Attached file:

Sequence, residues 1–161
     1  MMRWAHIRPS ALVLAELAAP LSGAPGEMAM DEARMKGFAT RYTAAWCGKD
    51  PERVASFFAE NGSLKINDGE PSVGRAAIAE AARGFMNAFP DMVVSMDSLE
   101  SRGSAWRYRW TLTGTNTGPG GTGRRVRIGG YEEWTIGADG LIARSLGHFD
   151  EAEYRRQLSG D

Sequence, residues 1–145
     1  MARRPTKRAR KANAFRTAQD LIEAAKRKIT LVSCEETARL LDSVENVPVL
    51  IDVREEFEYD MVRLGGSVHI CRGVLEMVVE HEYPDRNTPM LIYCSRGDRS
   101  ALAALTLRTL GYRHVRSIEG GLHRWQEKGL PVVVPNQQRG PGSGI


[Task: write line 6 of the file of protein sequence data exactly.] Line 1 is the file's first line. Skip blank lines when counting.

Sequence, residues 1–145